RUMEX VESICARIUS L.

Family: Polygonaceae

Bengali/Vernacular Name: Takpalong, Chukapalong, Amlabetom.

English Name: Rosy Dock, Dock Sorrel, Bladder Dock.

Description of the plant:
An annual, pale green, glabrous herb, branched from the root, rather fleshy, 15-30 cm high. Leaves 2.5-7.5 cm, elliptic, ovate or oblong, obtuse or acute, base cuneate. Racemes 2.5-3.8 cm, terminal and leaf-opposed. Flowers sometimes 2-nate and connate, valves large, orbicular, 2-lobed at each end, very membranous and reticulate without a marginal nerve. Fruit 1.3 cm diam., white or pink, valves hyaline.

Using information:
The plant is cooling, tonic, analgesic, laxative and stomachic; useful in heart troubles, tumours, constipation, hiccup, flatulence, asthma, bronchitis and piles. Leaf juice is astringent, cooling, aperient and a strong diuretic; relieves toothache, checks nausea and promotes appetite. Fruits are aperient and diuretic; eaten fresh against jaundice, hepatic conditions, constipation and indigestion. Roasted seeds are prescribed in dysentery (Yusuf et al. 2009).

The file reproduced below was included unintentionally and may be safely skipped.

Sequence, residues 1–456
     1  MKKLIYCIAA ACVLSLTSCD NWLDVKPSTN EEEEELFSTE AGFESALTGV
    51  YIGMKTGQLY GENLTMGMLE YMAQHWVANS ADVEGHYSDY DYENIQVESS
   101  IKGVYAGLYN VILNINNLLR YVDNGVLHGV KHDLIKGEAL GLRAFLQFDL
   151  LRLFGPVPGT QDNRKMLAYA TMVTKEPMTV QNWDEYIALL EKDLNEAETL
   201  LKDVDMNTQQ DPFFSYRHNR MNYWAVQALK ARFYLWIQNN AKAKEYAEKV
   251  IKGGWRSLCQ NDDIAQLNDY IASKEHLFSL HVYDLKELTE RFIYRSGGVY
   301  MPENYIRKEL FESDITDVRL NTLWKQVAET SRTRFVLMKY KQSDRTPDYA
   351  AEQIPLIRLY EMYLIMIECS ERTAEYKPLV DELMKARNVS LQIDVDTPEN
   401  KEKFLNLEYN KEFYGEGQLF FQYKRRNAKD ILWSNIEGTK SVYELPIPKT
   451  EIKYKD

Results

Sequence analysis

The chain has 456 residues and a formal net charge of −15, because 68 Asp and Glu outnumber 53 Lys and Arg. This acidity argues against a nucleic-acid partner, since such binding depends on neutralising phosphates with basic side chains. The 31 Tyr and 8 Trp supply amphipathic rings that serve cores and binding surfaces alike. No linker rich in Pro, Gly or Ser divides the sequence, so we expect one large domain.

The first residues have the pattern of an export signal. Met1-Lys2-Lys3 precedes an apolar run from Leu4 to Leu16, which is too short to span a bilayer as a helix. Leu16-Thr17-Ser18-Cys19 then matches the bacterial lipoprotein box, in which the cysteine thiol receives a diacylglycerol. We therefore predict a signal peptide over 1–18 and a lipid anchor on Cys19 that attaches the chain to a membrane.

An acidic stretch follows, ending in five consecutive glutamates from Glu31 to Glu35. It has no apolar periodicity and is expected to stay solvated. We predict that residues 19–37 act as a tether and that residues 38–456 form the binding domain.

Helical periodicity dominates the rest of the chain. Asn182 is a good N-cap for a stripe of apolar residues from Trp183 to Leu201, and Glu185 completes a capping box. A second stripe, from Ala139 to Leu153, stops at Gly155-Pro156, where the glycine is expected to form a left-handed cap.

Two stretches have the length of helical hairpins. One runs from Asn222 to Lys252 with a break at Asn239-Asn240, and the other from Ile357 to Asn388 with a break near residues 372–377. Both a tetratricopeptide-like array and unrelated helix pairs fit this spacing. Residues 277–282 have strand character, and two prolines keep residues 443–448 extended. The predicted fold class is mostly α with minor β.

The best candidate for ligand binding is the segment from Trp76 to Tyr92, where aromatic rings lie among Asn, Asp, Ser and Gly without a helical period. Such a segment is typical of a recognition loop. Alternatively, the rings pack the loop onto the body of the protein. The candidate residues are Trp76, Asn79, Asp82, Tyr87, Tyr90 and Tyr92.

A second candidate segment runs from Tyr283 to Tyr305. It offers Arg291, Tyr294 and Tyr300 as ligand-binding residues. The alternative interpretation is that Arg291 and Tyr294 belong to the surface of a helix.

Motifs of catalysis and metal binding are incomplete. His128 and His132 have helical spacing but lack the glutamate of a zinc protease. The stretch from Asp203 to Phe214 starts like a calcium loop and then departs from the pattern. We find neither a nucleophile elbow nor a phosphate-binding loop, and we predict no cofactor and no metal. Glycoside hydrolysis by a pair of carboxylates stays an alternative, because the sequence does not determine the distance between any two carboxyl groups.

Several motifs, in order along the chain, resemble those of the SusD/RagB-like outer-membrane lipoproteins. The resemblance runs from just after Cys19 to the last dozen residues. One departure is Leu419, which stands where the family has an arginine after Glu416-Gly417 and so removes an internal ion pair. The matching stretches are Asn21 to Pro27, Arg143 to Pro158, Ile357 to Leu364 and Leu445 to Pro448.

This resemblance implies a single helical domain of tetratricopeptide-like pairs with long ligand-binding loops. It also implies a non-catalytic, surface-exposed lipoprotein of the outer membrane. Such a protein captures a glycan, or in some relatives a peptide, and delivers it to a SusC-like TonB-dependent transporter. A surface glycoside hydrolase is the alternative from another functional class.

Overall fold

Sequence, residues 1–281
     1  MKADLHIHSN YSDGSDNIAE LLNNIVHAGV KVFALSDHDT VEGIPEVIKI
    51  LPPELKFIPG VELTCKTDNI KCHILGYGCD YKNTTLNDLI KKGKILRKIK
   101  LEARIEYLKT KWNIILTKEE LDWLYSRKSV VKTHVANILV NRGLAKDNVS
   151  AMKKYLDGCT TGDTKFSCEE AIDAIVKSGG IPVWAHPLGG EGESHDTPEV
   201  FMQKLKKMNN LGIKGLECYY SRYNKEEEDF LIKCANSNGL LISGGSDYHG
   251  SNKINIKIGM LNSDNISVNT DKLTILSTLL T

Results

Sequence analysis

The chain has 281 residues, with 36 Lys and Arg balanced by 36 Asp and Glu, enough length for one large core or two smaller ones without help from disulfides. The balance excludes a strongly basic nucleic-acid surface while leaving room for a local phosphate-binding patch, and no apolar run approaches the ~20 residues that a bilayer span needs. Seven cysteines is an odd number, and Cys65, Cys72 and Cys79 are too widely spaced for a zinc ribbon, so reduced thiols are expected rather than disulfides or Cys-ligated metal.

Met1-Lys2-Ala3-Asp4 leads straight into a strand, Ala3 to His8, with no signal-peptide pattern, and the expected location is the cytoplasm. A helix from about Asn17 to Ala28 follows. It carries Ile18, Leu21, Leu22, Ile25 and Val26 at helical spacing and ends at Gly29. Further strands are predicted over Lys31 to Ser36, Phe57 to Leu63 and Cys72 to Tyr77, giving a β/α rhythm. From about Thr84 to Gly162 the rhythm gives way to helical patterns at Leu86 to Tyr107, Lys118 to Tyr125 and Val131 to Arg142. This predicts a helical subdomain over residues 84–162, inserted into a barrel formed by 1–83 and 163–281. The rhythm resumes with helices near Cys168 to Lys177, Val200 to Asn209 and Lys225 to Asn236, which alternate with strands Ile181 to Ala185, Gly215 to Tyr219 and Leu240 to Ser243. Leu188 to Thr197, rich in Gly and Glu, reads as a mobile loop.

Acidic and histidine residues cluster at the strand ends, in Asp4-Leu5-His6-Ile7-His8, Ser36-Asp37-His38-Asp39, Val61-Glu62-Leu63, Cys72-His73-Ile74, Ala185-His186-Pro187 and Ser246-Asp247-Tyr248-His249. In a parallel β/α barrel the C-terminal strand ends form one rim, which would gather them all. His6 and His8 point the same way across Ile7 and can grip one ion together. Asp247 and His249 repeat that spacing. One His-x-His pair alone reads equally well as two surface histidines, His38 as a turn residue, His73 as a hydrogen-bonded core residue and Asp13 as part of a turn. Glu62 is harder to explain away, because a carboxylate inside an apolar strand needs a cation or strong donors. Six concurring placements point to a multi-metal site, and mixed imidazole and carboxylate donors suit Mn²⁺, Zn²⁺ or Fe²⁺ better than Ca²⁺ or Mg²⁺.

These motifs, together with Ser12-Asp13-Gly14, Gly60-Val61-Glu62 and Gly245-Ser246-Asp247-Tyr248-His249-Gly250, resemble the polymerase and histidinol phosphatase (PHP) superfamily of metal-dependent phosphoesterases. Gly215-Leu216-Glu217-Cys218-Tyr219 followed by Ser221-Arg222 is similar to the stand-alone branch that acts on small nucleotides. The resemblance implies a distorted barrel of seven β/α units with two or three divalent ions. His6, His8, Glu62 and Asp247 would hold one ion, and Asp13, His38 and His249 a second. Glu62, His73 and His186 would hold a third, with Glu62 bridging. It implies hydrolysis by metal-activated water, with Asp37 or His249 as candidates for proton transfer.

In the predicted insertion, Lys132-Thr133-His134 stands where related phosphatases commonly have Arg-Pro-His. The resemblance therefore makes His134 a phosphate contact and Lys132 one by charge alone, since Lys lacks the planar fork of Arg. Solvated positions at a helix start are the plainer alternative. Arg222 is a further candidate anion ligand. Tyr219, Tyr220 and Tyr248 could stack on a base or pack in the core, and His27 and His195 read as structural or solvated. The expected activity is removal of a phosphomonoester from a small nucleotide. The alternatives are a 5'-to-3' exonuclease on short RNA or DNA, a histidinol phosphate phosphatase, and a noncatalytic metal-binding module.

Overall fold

Chemical constituents:
Leaves are rich in ascorbic, citric and tartaric acids. Roots contain rumicin and lapathin, identical with chrysophanic acid. The aerial parts of this and other species of Rumex also contain anthraquinone derivatives and flavonoids like emodin, aloe-emodin, chrysophanol, chrysophanic acid, physcion; isovitexin, iso-orientin, quercetin, kaempferol and luteolin glucosides; chromone and flavone derivatives, tannins, mucilage, calcium oxalate and starch (Ghani, 2003). Cystine, glutamic acid, proline, phenylalanine and histidine have been detected in the protein extract (Rastogi & Mehrotra, 1993).


RUMEX VESICARIUS
RUMEX VESICARIUS L.


Distribution:
Cultivated as a vegetable.


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Retutn to Medicinal Plants: Part Q-R